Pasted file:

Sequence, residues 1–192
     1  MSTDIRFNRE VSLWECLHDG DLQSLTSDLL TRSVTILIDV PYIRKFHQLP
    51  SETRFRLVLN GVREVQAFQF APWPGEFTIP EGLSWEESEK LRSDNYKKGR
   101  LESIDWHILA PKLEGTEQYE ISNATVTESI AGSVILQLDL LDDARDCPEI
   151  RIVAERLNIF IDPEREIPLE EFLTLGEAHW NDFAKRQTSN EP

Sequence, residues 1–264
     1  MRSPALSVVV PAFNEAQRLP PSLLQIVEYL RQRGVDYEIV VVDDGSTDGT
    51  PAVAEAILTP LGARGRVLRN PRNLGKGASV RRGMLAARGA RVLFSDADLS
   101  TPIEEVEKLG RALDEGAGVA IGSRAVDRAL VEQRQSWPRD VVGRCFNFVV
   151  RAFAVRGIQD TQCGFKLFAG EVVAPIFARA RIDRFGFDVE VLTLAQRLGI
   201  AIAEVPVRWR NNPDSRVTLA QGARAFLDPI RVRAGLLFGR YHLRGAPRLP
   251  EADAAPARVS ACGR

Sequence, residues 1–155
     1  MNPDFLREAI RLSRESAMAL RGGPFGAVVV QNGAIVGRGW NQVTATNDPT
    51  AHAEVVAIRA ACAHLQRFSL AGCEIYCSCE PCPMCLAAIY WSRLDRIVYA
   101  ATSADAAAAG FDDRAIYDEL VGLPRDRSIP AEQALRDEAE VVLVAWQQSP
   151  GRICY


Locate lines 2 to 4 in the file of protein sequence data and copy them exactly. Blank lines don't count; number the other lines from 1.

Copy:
     1  MSTDIRFNRE VSLWECLHDG DLQSLTSDLL TRSVTILIDV PYIRKFHQLP
    51  SETRFRLVLN GVREVQAFQF APWPGEFTIP EGLSWEESEK LRSDNYKKGR
   101  LESIDWHILA PKLEGTEQYE ISNATVTESI AGSVILQLDL LDDARDCPEI